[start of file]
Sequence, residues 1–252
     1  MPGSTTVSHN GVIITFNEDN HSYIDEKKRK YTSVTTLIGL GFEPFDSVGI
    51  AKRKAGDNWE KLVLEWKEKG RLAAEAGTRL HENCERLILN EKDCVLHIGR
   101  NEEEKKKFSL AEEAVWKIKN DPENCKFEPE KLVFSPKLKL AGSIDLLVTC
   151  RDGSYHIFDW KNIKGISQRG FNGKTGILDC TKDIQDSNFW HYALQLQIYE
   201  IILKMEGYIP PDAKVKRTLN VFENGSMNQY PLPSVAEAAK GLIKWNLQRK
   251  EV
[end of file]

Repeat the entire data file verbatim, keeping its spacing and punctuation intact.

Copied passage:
Sequence, residues 1–252
     1  MPGSTTVSHN GVIITFNEDN HSYIDEKKRK YTSVTTLIGL GFEPFDSVGI
    51  AKRKAGDNWE KLVLEWKEKG RLAAEAGTRL HENCERLILN EKDCVLHIGR
   101  NEEEKKKFSL AEEAVWKIKN DPENCKFEPE KLVFSPKLKL AGSIDLLVTC
   151  RDGSYHIFDW KNIKGISQRG FNGKTGILDC TKDIQDSNFW HYALQLQIYE
   201  IILKMEGYIP PDAKVKRTLN VFENGSMNQY PLPSVAEAAK GLIKWNLQRK
   251  EV